It’s easy to write a novel, and just as easy to write short stories, anyone can do it, can’t they?
Well, not quite. Anyone can write a novel or churn out short stories, but not all writers can actually write well, so whether they are any good is down to the talent and capability of the writer. Those who think that it’s an easy process need a stark reality check, because writing fiction is an often difficult, problem-filled, labour intensive job, and they don’t always appreciate how complex writing can be.
In reality, the love of the written word is very much ingrained in those who want to write. There also has to be a modicum of flair and ability to begin with. For some, writing has been in their blood since childhood. This means that not everyone can simply wake up one day and decide to be a writer. It takes talent, dedication and a lot of hard work.
And writing isn’t just about churning out as many words as possible and making it all kind of make sense either. It’s about understanding the power of words. It’s about using the right words at the right time to give the right impact.
Words have the ability evoke our emotions; influence our mood and thoughts, as well as the ability to entertain us.
Using the right words makes the narrative stand out; it enriches the writing beyond expectation. How often do we sit back and look at the power of the words we create? How often do we amaze ourselves with what we have written?
Every now and then we might read an amazing line in a book, or a phrase that sticks in our mind, or a snippet of dialogue or description that stops us in our tracks and makes us think. That’s because the writer has given us ‘a touch of genius’, a phrase or line or description that perfectly captures something, all through the power of words.
Everyone knows their incredible power – they can move us, hurt us, scare us or lighten us etc. And it’s not just ‘genius’ phrases or sentences that enrich the writing, it’s also the way we construct the narrative that helps influence the power of words.
For example, look at these two sentences:
Her eyes shuttered against a bright light.
Her eyes shuttered against a despicable light.
They are quite ordinary sentences. But one sentence is very different to the other, and that is because one evokes a stronger feeling than the other. ‘Bright light’ evokes more of a soothing, lighter feel, perhaps it’s the glare of the sun, but ‘despicable light’ is much darker, there is something dreadful or foreboding here.
Also notice the choice of ‘a’ instead of ‘the’ in the sentences. A light, rather than the light. This is to separate a generalisation that ‘the’ suggests. ‘A’ is more specific, and when coupled with the right adjective, it provides greater impact.
That’s the power of words.
Good narrative is all down to a writer’s choice of words, it’s about choosing the right verbs and nouns and adjectives, it’s about understanding the meaning of the words and their construction order, and the emotions you want to convey with them.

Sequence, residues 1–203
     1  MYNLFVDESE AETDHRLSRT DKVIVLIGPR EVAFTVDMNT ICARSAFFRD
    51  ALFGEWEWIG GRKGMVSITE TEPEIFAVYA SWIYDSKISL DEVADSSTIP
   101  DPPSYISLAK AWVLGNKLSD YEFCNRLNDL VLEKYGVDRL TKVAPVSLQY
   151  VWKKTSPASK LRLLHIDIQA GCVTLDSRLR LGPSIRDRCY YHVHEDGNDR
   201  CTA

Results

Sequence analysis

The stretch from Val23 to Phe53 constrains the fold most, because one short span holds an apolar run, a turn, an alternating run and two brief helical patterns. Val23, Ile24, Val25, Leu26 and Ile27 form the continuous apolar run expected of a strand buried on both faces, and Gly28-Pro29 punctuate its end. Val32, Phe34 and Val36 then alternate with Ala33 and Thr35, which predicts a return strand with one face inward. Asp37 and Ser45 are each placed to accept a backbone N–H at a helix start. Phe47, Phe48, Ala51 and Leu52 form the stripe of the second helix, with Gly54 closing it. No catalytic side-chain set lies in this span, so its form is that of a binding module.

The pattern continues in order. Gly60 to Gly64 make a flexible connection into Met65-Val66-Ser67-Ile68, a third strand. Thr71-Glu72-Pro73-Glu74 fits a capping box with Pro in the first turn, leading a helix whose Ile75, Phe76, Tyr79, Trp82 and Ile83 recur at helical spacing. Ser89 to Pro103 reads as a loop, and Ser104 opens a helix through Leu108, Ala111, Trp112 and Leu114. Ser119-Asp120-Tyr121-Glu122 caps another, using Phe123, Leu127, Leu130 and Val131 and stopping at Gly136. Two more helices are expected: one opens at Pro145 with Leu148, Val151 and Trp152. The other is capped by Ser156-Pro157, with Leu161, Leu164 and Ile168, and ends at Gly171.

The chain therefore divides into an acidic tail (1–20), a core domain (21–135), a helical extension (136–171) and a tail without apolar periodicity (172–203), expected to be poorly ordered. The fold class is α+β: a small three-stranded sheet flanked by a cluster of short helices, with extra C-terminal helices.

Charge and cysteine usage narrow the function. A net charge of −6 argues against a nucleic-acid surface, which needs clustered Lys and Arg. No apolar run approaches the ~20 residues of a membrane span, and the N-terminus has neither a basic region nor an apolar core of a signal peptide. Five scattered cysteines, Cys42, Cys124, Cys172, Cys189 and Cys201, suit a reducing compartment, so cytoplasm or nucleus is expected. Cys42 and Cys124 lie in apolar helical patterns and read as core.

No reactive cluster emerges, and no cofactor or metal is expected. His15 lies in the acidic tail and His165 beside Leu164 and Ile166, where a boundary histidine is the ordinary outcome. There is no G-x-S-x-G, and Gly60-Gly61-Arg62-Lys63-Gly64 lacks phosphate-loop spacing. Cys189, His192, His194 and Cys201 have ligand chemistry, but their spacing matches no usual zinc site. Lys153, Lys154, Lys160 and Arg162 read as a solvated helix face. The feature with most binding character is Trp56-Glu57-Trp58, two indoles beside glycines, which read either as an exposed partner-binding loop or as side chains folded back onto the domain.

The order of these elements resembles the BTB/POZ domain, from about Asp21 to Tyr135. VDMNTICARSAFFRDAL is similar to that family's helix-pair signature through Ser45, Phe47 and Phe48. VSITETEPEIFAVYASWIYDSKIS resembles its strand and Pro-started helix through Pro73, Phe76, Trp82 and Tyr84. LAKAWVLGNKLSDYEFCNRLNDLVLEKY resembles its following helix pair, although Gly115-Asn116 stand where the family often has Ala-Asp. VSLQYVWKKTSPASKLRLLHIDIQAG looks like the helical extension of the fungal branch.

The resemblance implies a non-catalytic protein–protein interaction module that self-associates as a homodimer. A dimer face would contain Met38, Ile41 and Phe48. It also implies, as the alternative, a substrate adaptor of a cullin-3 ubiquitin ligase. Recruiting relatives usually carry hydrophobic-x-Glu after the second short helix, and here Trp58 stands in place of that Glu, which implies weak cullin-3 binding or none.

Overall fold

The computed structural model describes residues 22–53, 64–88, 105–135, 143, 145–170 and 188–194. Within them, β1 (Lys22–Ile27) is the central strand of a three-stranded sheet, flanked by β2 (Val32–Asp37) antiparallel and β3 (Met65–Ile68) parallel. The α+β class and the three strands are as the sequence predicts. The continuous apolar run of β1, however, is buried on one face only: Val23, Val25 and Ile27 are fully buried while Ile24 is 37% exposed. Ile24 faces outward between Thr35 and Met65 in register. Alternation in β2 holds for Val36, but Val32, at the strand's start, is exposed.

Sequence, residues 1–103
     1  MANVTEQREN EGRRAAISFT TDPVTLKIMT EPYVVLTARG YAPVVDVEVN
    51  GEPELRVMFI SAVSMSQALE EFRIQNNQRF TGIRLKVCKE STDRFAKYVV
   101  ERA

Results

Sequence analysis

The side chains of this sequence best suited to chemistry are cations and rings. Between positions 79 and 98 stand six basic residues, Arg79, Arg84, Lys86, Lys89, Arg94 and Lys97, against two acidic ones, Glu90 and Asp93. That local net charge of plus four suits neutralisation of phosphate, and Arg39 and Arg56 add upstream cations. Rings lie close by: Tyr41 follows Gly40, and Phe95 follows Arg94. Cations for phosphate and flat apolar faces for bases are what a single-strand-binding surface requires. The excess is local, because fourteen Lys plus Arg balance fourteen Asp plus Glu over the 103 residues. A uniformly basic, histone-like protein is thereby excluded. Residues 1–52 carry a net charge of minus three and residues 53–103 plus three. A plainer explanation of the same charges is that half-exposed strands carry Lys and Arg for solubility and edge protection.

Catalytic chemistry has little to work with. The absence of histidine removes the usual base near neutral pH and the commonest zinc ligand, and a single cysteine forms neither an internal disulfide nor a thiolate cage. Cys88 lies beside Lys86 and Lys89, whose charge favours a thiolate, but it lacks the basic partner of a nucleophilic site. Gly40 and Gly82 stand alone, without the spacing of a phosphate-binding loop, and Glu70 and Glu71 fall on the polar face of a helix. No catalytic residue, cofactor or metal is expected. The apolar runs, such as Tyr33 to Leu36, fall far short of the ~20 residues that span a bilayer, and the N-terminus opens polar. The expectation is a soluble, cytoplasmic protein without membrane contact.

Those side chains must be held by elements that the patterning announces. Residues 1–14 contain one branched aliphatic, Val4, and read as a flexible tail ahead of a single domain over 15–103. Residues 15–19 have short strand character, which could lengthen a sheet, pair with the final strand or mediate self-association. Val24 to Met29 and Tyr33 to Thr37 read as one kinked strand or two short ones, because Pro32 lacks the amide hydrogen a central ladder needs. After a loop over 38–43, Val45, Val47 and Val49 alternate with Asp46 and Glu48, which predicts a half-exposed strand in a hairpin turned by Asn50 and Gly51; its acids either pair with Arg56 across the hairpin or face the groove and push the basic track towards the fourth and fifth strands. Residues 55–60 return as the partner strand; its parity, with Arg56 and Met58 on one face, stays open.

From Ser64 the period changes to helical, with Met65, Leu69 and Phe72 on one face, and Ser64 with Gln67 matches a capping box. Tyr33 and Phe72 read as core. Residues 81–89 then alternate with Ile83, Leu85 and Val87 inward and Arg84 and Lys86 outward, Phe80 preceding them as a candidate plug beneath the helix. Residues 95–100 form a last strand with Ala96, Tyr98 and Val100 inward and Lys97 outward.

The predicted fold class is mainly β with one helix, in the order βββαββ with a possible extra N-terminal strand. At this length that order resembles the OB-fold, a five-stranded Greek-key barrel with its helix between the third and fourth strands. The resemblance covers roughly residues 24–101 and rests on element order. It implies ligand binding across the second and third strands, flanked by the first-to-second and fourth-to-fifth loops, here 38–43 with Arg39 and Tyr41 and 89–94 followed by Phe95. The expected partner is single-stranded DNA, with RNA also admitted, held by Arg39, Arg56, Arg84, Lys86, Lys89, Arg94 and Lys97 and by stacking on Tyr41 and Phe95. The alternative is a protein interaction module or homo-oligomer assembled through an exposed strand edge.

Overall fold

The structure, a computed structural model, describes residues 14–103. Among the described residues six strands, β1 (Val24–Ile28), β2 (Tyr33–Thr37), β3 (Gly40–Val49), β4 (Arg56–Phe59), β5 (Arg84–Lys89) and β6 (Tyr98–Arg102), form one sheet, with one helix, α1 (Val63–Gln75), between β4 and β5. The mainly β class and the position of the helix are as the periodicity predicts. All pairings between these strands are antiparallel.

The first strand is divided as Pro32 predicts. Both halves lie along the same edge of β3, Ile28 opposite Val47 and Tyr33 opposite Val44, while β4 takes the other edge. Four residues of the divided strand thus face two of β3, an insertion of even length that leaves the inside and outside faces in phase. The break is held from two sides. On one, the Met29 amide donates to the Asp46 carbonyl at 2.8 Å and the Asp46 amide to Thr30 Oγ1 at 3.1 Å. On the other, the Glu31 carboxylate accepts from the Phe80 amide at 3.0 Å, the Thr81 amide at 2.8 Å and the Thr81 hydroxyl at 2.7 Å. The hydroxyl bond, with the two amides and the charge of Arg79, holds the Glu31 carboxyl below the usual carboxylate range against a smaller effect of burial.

There is a lot of confusion for writers about whether to substitute some ‘bland’ words for more evocative words within their descriptions. Many writers see this as being overly pretentious to resort to the thesaurus, when the original word would suffice. This can be a problem if the writer does it all the time, making the narrative ridiculously flowery by trying to use ever more descriptive words. But again, it is about choice of words, in the right places, in the right scenes, at the right time.
There is nothing wrong with finding better words that help you describe something (just not too many of the type that leaves your readers scratching their heads and leafing through a dictionary to find out what you mean). A new word or two is enlightening, and using better words is what brings description to life, after all.
To illustrate how word choice makes such an important difference to the narrative, I’ve included the excerpt below, from one of my flash fiction pieces, Alone on the Hill:
‘Polonius blinked against the haze and dust, pulled his sagum around his shoulders. A forest of crafted crosses stretched into the distance, scattered the light, but all he could see were scarlet ribbons wrapped around branchless cedars’.
A forest of crafted crosses… Scarlet ribbons wrapped around branchless cedars. These sentences stand out for several reasons – images, symbolism and emotion, to mention just a few. I could, however, have written something insipid, like:
‘Polonius blinked against the haze and dust, pulled his sagum around his shoulders. A line of crosses stretched into the distance, scattered the light, but all he could see was blood dripping down the wood’.
While there is nothing wrong with this description, it doesn’t have the power that the original narrative does, it doesn’t evoke much, and that’s all down to word choice within the description, and the way it is constructed.
Remember, the right words at the right time, to give the right impact.
- Think about the meaning or imagery/symbolism or emotion you want to convey.
- Pick the right, evocative words - can you replace bland words with more evocative ones?
- Does the construction have that little ‘touch of genius’? Never be afraid to tinkering with word order.
- Does your word order pack that descriptive punch?
Above all, never underestimate the power of words. They are a lot more powerful than you realise.